Calculators at the ready, folks – Edrington, the company that makes The Macallan, Highland Park and Famous Grouse, among others, has just released its financial results for the year to March 2018. And in the document the company announced it’s looking to sell the Cutty Sark and Glenturret Scotch whiskies! We investigate what’s going on and crunch the sums after sales climbed 7%* to £706.7 million.

It’s all change for spirits-maker Edrington. It’s a case of out with the old for Cutty Sark and Glenturret, and in with the new (THAT new Macallan distillery) as sales climb and stats are bolstered.

The developments come as the company closes year three of its 2020 strategy, catchily called ‘Perfect The Macallan, Accelerate Highland Park, Transform Super-Premium, Energise Regional Power Brands, and Recruit More Consumers’.

It also means focusing on the core, if this announcement is anything to go by. With Cutty Sark and Glenturret up for sale, it puts the focus squarely on the other brands in the Edrington stable: The Macallan, Highland Park and The Glenrothes single malts, The Famous Grouse blended Scotch, and Brugal Rum.

Financial results are certainly nothing new (you could almost set your watch by the quarterly releases), but they do represent an interesting insight into what we’re collectively drinking and why.

So let’s have a little dig and see what it all means for the spirits brands in Edrington’s portfolio…

The Famous Grouse Experience at Glenturret is to close

Bye, bye, Cutty Sark and Glenturret

Let’s start with Glenturret. It’s actually a pretty teeny distillery near Crieff in Perthshire, and while you can get hold of single malt, it’s not a big player. It is, however, one of the oldest distilleries in Scotland, and you can check out the vintage distilling equipment on a visit to The Famous Grouse Experience there.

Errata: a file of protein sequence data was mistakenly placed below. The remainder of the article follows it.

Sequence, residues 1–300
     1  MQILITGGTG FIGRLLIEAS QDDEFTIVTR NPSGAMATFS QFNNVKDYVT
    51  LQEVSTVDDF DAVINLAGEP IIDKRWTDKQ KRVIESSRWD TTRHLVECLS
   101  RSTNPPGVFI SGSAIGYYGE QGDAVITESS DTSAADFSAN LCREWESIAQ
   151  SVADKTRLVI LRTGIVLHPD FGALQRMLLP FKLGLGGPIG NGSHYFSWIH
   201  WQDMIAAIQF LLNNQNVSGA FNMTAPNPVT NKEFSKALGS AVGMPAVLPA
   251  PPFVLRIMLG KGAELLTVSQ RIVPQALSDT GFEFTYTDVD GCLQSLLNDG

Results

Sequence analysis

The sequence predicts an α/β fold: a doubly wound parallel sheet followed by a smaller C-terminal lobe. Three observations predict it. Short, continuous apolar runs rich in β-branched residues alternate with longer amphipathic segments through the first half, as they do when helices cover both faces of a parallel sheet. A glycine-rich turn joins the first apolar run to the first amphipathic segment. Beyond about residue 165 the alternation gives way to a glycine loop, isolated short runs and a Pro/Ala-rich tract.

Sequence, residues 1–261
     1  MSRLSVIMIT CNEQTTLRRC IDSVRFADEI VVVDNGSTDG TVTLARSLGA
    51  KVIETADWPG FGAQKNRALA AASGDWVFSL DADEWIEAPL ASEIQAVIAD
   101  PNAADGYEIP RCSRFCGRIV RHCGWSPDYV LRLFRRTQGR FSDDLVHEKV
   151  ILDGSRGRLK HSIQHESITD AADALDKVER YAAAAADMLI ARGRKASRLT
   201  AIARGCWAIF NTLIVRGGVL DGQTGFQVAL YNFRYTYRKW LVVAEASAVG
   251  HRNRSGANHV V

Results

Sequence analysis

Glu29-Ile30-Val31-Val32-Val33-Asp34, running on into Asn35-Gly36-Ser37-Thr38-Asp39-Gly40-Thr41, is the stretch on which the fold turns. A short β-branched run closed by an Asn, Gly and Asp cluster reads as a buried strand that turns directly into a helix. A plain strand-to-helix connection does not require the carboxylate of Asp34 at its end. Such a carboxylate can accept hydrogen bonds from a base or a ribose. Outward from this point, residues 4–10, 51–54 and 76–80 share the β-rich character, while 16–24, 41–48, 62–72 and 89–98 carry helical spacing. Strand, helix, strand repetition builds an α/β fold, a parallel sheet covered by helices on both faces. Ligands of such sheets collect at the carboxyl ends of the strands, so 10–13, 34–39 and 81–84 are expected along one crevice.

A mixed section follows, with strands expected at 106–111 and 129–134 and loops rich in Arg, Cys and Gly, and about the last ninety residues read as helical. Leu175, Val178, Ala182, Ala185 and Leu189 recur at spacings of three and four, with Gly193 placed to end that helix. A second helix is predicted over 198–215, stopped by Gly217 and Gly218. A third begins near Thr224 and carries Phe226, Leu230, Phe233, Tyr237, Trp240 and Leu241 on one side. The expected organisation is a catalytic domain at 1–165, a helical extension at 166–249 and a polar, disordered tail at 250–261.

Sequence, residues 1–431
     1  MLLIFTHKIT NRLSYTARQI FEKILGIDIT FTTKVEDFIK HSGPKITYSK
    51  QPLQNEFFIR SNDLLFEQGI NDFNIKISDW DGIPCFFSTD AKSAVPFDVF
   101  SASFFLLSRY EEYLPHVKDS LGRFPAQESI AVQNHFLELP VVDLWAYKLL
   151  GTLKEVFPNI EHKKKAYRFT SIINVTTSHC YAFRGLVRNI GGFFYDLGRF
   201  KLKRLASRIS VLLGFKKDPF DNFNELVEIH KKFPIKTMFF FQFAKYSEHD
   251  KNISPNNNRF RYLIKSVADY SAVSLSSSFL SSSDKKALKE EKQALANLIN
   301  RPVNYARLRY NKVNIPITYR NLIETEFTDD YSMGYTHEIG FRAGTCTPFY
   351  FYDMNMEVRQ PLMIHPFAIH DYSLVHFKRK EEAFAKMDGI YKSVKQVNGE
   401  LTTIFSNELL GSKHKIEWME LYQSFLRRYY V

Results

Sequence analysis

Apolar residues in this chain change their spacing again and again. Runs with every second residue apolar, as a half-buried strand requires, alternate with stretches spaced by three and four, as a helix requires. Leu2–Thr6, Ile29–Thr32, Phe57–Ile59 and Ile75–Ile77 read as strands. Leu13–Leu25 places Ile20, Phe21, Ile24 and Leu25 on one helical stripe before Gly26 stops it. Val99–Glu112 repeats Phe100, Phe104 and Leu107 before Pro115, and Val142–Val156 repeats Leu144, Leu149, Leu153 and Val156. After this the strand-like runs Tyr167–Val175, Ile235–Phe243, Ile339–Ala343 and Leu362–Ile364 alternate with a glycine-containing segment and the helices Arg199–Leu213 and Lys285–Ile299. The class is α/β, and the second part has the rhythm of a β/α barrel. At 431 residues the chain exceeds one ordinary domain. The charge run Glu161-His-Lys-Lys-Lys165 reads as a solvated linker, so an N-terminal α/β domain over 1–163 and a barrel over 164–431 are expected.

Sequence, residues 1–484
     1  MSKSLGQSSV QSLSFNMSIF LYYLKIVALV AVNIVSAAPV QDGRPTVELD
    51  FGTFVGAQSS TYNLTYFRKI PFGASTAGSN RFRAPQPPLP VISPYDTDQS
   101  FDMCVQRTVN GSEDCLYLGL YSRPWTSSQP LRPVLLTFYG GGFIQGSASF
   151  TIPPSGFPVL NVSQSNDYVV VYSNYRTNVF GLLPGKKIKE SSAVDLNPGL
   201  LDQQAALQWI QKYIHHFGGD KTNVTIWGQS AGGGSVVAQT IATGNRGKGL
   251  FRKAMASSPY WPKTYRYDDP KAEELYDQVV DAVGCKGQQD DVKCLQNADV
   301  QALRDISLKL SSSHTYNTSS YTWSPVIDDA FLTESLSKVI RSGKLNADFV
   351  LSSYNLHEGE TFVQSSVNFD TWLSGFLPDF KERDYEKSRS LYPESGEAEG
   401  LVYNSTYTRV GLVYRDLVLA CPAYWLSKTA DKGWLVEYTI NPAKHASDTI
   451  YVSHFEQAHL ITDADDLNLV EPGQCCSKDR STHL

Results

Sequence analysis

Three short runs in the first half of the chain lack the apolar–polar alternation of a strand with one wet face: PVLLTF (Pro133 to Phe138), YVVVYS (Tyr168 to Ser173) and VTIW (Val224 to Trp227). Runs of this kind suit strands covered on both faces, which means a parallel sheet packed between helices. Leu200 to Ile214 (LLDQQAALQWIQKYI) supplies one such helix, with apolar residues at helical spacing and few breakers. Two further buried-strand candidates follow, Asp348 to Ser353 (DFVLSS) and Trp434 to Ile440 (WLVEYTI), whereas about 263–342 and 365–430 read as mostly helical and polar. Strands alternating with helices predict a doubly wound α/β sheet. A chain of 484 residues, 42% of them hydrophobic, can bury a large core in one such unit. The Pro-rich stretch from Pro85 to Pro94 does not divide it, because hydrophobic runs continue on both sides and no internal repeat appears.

We got an Edrington spokesperson on the blower to find out what’s going to happen to that visitor centre. “We’re still at the very early stages, but we would envisage the visitor centre structure at Glenturret will stay with Glenturret,” they said. It’s too early to say if, where or when a new dedicated Famous Grouse visitor experience may open, they added.

Two cats looking for new servants. Come with a distillery

And what about Glen and Turret, the absolutely adorable distillery cats? “We envisage they will have a long and happy life at Glenturret with the new owner.”

On a more serious note, the sale process is expected to start soon, and at this point there aren’t any parties immediately in the picture.

What about Cutty Sark? Edrington bought the brand from Berry Bros. & Rudd as recently as 2010. The brand comes with a blending and bottling facility, which Edrington says it hopes to offer the new owner, too.

Cutty Sark Storm

The good news is that there shouldn’t be any compulsory redundancies with the sale of either brand, and staff will be fully consulted with regarding their transfers, Edrington added in the statement.

Perfect The Macallan

It’s been a big year for The Macallan. The new Speyside super-distillery was revealed to the world back in May, and we’ve seen a number of record-breaking expressions, including a 72-year-old bottling, the oldest ever released from the brand. But what’s going on behind the scenes?

new Macallan distilleryBehold! The new Macallan Distillery